Monday, November 10, 2014

Wines of Provence Luncheon

I was in Austin last Monday for a Wines of Provence luncheon with a presentation by Craig Collins, MS, at Chef Andrew Curren’s and his West Sixth Street casual French restaurant, Arro. As a lover of Rosé, particularly the dry, mineral-laced style of this region, I was excited to attend.

We discussed the region’s focus on Rosé including its long history of wine making and the making of this particular style of wine. About 88% of the region’s production is Rosé although they also make some rich reds and interesting whites.  In most other areas, Rosé is often made as an afterthought but here, every vineyard decision is based on making the best pink wine possible. 

The wines are typically blends from red grapes like Grenache, Syrah, Cinsault and Mourvedre but may also include a few others. The hot dry climate helps keep pests and disease at bay so very little intervention is needed in the vineyard. They harvest at night to maintain the acidity. The wines are always dry; the residual sugar is under 3.5%. They generally keep the juice in contact with the skins for anywhere from 4-12 hours. Their goal is to gain the fruit aromas and flavors without gaining a lot of color or tannins, the result is an elegant and fresh food-friendly wine.

Our warm climate in Houston makes it the perfect place to enjoy these lightly chilled wines year round. The wines are always good with light American favorites like salads and grilled fish or chicken. The versatile food pairing ability also makes it a great choice with the diverse cuisine available to us here; it works well with seafood, Mexican, Asian and Indian dishes, as well as that most American of all meals, Thanksgiving. The wines also pair perfectly with traditional Provencal favorites like the ones prepared by Chef Andrew Curren that we enjoyed at the luncheon and with most vegetarian fare.

Menu and tasting notes:

Pissaladiere with onion, anchovy and olive 

Seared shrimp with clams, mussels and sorrel pistou 
  • 2013 Domaine de Sangliere “Cuvee Speciale” Rosé Côtes de Provence - A blend of 60% Grenache and 40% Cinsault grown in schist and clay. Ripe, sweet red berry character, light floral notes, touch of salinity; dry, refreshing, round, easy drinking. I enjoyed this with both courses. SRP $16 
  • 2013 Maisan Saint Aix Rosé Coteaux d’Aix-en-Provence -A blend of 50 % Grenache with Cinsault, Syrah, and Counoise grown in limestone gravel with clay. Lighter notes of strawberry and grapefruit; dry, softer, clean citrus and mineral finish. SRP $19 
  • 2013 Maitres Vignerons de la Vidaubanaise “Le Provencal” Rosé Inland Valley- A blend of 60% Grenache, 30% Cinsault and 10% Syrah grown in light sandy soils on terraced limestone hillsides. Fresh fruit, candied notes; dry, round, light saline-mineral finish. SRP $15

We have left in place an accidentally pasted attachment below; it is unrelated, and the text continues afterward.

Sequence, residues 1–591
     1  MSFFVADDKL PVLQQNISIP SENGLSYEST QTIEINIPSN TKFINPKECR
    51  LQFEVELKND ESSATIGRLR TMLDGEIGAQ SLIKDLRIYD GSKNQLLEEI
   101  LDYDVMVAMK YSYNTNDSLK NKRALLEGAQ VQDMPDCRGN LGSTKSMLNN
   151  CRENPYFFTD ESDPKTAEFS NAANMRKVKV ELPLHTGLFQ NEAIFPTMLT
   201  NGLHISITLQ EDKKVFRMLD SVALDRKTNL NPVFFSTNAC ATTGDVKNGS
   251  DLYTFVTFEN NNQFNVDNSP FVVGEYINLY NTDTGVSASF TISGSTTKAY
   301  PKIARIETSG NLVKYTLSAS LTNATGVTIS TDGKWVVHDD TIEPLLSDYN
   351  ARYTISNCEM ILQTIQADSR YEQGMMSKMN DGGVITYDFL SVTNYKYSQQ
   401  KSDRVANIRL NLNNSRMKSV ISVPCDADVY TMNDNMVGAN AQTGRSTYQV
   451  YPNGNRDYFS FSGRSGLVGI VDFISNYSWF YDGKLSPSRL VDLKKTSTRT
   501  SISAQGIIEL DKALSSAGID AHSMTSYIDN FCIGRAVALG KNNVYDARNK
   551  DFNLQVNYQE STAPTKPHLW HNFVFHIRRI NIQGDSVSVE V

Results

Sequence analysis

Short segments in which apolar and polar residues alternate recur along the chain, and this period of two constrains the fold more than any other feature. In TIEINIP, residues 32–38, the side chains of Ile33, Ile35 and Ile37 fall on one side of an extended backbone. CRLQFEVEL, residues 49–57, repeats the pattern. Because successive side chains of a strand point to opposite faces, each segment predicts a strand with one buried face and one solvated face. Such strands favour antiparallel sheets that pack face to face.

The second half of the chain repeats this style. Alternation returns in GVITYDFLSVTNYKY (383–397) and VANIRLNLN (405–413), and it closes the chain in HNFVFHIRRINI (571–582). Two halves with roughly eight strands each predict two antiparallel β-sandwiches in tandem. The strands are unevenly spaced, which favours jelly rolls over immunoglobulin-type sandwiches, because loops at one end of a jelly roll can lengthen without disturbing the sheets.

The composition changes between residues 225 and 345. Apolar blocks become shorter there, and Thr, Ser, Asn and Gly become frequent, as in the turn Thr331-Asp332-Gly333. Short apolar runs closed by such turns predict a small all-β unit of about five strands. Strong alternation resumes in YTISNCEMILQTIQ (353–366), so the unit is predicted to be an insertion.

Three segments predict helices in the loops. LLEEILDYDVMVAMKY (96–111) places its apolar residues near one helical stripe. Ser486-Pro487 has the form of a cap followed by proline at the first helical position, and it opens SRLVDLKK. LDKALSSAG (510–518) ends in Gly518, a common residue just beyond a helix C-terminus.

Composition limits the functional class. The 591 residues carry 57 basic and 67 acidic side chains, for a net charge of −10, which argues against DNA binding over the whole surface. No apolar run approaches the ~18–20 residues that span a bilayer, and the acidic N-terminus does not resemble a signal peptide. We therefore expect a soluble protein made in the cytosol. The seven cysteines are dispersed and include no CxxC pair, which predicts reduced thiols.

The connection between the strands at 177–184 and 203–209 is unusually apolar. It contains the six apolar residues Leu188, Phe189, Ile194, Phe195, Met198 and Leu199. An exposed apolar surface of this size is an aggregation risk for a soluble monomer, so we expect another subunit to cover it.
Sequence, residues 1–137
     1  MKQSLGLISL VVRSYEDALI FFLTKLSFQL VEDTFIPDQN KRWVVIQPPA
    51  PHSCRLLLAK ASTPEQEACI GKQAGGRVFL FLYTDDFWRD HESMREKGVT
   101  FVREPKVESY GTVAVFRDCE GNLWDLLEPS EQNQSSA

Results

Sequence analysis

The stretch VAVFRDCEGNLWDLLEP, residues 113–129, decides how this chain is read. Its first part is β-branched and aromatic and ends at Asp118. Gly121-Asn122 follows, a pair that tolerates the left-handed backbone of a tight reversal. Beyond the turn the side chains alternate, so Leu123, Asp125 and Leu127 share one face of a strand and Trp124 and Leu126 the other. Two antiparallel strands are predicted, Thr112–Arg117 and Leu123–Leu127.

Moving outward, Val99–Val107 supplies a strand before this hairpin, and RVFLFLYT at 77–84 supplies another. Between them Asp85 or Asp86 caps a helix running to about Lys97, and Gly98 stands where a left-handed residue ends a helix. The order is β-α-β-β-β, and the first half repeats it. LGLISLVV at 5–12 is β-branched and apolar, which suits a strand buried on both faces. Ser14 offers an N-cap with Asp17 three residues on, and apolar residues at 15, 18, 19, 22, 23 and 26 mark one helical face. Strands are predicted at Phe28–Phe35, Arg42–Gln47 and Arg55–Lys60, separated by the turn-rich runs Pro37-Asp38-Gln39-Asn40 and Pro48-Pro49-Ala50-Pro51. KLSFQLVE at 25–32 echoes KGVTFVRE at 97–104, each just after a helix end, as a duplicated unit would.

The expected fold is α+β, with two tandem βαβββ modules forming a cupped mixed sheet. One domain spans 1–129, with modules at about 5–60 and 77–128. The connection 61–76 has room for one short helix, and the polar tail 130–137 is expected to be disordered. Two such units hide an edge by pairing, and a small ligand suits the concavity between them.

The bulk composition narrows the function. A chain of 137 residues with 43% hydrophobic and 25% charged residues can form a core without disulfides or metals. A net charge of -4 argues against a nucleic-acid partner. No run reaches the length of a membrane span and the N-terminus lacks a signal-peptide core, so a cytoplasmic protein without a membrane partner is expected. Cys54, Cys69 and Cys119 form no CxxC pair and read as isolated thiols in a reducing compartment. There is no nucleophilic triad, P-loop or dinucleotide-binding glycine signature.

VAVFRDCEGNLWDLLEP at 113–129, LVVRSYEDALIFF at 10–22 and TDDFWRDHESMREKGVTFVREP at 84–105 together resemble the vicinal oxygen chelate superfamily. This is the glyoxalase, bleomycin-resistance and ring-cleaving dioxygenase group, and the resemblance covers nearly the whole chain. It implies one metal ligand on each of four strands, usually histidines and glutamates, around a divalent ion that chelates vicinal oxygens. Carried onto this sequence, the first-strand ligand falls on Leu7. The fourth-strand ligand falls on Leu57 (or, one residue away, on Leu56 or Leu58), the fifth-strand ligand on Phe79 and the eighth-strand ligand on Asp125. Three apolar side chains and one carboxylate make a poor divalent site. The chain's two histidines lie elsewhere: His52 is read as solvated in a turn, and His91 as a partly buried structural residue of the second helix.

Lamb brochette with grilled sirloin and white beans with shaved Brussels sprouts. 
Craig chose these two Rosés for this course because he likes the addition of Mourvedre with heavier meat dishes. 
  • 2013 Domaine Houchart “Sainte Victoire” Rosé Côtes de Provence- A blend of Grenache, Mourvedre, Syrah and Cinsault grown in red soil with limestone fragments from mountains, this was fantastic with the lamb.  Lighter aromas of fresh peach and strawberry with potting soil; dry, fresh, round, light mineral finish SRP $19 
  • 2013 Chateau Roubine “Cuvee Classique” Rosé Côtes de Provence Cru Classé- A blend primarily of Cinsault, Grenache and Cabernet Sauvignon with a small percentage of other local grapes, including Mourvedre, all grown in chalky clay soil. The more complex blend gives more complex flavors, blackberry and plum with light lavender notes and fresh earth; dry, crisp, long mineral finish. This was my favorite in this flight, it was also excellent with the lamb. SRP $25 
  • 2007 Chateau Vignelaure Coteaux d’Aix-en-Provence- Our only non-pink for the day, this red wine was a blend of Cabernet Sauvignon and Syrah grown in limestone and clay. This dark, intense wine had a blackberry, black pepper and dark chocolate character. Dry, rich with ripe tannins and a long finish, it was also perfect with the lamb. SRP $30

Goat cheese tart with dried figs, pistachios, honey and lemon zest. Craig explained the following three all come from sandier terroir which often helps to create a more aromatic wine that works well for cheese courses.
  • 2013 Hect and Bannier Rosé Côtes de Provence- This was a top pick for me when looking at the quality for the price. This was a blend of Grenache, Cinsault and Syrah grown in limestone and clay. Rustic red fruit aromas and flavors with lavender and licorice; dry, crisp, very fresh, long mineral finish. SRP $19 
  • 2013 Chateau Paradis Coteaux d’Aix-en-Provence- A blend of Syrah, Grenache and Mourvedre. Citrus blossoms, pear and grapefruit with a dry, round, fruity finish. SRP $19   
  • 2013 Chateau Hermitage de Saint Martin Ikon Rosé Côtes de Provence - A blend of Grenache and Cinsault grown in a mixture of limestone and clay. Light, fresh aromas and flavors of mixed berries and citrus blossoms; dry, crisp, elegant, long mineral finish. SRP $35


All the wines were refreshing on their own and they all paired well with the different menu items; all are recommended. If you are visiting Austin, Arro is well worth a visit as well.